Wednesday, September 13, 2006

More thoughts on MNTV

I've been thinking a lot about why there is no community forum on their website. I don't think its an oversight. My only assumption at this point is that perhaps they want to wait a little while till more people are "hooked" and the discussions online will be more positive. Is that cynical? Maybe they were afraid that the first week too many people would dis the show. I'm not sure. Then again Fox Community puts a page for a new show as soon as (or actually before) it airs.

But MNTV shows are sort of risky. I think they could have invested a bit more into the first week . . . but then again, there was little buzz or news about the premiere week. I still feel like I'm backing the wrong horse. And yet I still really believe that this network is a brilliant concept. I think in a few months (maybe with the next cycle) when it really catches on people are going to write articles that say "no one saw this coming". Ha! I did. But the thing is, it's never going to have HUGE ratings. It will never be one of the top shares of the night. But, it will eventually do consistently well, far better than UPN ever averaged. Towards the end of the 13 week runs there may even be some peaks.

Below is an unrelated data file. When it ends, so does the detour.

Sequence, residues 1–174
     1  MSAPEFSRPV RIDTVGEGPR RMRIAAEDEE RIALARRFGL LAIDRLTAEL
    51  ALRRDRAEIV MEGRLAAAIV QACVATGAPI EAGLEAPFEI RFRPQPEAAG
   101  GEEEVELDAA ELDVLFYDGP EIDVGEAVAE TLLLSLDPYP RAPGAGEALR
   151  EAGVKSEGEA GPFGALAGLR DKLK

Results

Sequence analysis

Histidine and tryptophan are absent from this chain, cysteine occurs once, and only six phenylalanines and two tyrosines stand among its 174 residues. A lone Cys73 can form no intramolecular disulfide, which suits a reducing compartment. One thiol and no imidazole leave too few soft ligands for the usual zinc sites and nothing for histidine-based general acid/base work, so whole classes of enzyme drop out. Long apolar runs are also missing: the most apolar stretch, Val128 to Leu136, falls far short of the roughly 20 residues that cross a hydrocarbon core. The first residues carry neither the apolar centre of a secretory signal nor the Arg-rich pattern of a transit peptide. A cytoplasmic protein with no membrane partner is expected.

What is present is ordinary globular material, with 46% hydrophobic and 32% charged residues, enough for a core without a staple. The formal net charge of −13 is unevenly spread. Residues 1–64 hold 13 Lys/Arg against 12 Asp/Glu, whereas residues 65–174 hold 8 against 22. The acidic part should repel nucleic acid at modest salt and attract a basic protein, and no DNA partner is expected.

So now I feel I should weigh in a bit about the content. Well, I've already given up watching Desire. I mean, I'm interested in the commercials a bit, and if I'm around I could watch it -- maybe on Saturdays. But I already feel somewhat committed to Fashion House. By committed I mean if I'm home I'll most likely be watching. But I won't tape it (not yet anyhow). But since my new all-in-one TV/VCR combo won't let me watch one thing and tape another, it's very possible that I will be choosing another show to watch at 9pm. BTW, it's a good thing I like FH better than Desire, because the 9pm slot is better for me all around. I'm often not home till around 9 anyhow. And Survivor will ABSOLUTELY win my eyes or my VCR on Thursdays at 8. So far that's the only given competition. I don't know what's going to happen with the O.C. -- but that's not till November anyhow. There may be one or two of the new crop that sticks. I'm interested in 30 Rock/ Studio 60 and maybe the one with Ally McBeal (Sisters?) . . .